Conference ID: 955-626-784
PIN Code: 667844
The puzzling phenomenon of wave localization refers to unexpected confinement of waves triggered by disorder in the propagating media. Localization arises in many physical and mathematical systems and has many important implications and applications. It is closely associated with Philip Anderson (1923-2020) who received the Nobel prize in 1977 for his 1958 discovery of localization of the eigenfunctions of the Schrödinger equation with a random potential, a process which dramatically affects the electrical properties of materials disordered by impurities. Despite this long history, many aspects of localization remain mysterious even today. In particular, the sort of deterministic quantitative results needed to predict, control, and exploit localization have remained elusive. This talk will focus on major strides made in recent years based on the introduction of the landscape function and its partner, the effective potential. We will describe these developments from the viewpoint of a computational mathematician who sees the landscape theory as a completely unorthodox sort of a numerical method for computing spectra.
Douglas N. Arnold is the McKnight Presidential Professor of Mathematics at the University of Minnesota. He is a research mathematician and educator specializing in computational mathematics. Prof. Arnold’s work centers on numerical analysis, especially as applied to partial differential equations arising in physics and engineering. Many of his numerical methods have become standard tools for studying elastic bodies, plate theory, fluid mechanics, and other applications. He may be best known as the founder of finite element exterior calculus, a paradigm for structure-preserving discretization which obtains stability numerical methods by preserving relevant geometric and topological structure. Recently Prof. Arnold is using numerical methods to understand and control the localization of waves, especially for applications in quantum mechanics.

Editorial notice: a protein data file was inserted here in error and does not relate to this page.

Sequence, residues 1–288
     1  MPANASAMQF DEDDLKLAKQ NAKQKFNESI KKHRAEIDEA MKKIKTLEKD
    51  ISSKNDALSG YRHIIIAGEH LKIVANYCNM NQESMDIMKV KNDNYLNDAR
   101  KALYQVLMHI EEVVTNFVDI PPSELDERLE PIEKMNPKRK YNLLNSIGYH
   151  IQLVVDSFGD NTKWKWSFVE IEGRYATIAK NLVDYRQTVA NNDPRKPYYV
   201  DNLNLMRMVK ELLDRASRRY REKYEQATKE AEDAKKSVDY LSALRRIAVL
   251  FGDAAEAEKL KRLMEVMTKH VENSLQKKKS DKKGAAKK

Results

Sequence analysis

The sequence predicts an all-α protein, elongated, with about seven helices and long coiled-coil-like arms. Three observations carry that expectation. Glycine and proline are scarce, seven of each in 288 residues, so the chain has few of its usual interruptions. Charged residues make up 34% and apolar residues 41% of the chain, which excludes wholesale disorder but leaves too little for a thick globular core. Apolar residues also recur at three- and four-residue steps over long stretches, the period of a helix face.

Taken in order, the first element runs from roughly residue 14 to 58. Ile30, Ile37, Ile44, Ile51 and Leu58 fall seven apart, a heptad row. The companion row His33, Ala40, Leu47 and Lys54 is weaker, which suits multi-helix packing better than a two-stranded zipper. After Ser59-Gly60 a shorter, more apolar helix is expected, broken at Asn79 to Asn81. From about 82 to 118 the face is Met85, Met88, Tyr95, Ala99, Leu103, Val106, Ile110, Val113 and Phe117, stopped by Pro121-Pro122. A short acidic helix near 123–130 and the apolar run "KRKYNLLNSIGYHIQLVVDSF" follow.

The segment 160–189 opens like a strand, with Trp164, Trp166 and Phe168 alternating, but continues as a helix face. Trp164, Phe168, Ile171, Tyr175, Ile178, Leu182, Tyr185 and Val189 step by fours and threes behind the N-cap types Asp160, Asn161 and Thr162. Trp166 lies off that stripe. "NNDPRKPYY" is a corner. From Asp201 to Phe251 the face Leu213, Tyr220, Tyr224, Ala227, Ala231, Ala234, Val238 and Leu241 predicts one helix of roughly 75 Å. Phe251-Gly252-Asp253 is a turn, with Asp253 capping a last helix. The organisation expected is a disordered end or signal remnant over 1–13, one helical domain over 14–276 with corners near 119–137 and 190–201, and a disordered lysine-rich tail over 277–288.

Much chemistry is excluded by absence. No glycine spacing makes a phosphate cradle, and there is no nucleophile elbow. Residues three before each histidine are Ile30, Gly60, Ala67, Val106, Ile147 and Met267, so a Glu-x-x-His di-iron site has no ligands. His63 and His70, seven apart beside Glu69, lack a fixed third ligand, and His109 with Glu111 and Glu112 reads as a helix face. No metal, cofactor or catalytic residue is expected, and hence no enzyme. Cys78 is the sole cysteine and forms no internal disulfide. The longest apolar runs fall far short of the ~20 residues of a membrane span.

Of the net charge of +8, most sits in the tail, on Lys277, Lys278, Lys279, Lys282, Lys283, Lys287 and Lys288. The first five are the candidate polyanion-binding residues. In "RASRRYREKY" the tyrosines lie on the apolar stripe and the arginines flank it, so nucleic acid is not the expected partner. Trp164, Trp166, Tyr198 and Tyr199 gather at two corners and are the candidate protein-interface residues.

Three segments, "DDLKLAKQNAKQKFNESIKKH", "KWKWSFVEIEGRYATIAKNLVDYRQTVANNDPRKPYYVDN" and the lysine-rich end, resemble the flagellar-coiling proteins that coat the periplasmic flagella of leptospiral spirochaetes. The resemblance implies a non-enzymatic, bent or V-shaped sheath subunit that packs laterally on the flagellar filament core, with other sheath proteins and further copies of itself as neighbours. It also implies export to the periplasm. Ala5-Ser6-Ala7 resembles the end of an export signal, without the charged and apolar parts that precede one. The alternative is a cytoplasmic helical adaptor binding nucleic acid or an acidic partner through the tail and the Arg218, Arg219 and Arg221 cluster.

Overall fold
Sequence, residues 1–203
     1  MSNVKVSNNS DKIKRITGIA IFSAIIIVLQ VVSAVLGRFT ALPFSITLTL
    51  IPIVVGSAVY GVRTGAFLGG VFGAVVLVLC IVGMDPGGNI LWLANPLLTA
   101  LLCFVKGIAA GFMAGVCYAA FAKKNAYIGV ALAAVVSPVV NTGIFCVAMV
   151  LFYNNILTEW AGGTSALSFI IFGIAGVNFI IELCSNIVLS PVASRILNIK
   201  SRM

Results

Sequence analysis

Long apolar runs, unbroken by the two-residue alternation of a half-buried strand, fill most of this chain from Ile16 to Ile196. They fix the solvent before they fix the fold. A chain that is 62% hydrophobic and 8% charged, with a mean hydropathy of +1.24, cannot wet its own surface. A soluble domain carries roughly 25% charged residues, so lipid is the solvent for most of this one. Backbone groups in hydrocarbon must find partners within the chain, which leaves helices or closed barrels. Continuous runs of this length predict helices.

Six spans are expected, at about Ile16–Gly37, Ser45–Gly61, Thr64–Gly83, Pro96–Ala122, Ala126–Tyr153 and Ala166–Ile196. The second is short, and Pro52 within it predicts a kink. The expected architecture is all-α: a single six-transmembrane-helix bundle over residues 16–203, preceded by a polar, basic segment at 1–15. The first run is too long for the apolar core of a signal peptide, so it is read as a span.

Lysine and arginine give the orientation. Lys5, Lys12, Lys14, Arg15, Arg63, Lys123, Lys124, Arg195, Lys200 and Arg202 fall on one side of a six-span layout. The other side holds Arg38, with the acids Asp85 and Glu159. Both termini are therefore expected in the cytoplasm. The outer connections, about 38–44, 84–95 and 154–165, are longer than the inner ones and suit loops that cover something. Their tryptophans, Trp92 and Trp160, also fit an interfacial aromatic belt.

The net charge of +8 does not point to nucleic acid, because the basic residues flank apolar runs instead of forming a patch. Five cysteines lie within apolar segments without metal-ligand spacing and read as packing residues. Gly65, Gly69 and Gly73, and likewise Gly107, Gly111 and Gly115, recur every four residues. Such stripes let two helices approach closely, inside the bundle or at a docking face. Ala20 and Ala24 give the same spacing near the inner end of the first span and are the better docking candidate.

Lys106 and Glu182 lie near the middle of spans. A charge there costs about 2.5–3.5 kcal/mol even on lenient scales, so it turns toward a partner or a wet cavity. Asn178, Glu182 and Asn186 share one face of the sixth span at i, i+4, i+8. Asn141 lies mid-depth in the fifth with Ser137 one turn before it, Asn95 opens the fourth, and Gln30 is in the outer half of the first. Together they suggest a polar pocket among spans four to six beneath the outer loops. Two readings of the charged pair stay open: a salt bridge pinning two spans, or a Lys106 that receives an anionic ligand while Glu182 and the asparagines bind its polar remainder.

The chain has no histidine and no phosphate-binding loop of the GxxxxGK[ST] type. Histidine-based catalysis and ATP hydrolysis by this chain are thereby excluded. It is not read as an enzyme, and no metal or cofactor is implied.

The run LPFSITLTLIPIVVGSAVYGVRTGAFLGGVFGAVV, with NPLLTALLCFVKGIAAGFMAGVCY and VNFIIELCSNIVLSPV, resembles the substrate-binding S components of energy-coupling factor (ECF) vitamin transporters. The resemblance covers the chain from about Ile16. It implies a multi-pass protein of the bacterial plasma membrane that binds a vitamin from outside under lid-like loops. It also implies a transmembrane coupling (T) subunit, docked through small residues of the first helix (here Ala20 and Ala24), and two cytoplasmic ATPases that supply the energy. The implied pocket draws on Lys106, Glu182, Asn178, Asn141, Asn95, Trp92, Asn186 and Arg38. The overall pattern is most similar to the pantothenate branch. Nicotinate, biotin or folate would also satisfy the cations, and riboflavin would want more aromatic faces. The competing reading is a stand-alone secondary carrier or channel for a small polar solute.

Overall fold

Arnold’s numerous awards include a plenary lecture at the International Congress of Mathematicians in Beijing in 2002, a Guggenheim fellowship in 2008, foreign membership in the Norwegian Academy of Science and Letters in 2009, the SIAM Prize for Distinguished Service to the Profession in 2013, and the J. Tinsley Oden Medal from the US Association of Computational Mechanics in 2015. He delivered the Feng Kang Distinguished, Lecture at the Chinese Academy of Sciences in 2009, and the Erwin Schrodinger Lecture at Vienna’s Erwin Schrodinger Institute this past December. Prof. Arnold is a fellow of the American Mathematical Society, SIAM, and the American Association for the Advancement of Science. He has also held many scientific leadership roles including the Presidency of the Society for Industrial and Applied Mathematics SIAM in 2009 and 2010, and directorship of the Institute for Mathematics and its Applications (IMA) before that. Among Arnold’s priorities are efforts to increase public understanding of mathematics and its role in society. In 2007 he coauthored an award winning video, Möbius Transformations Revealed, which went viral on YouTube, garnering over two million views.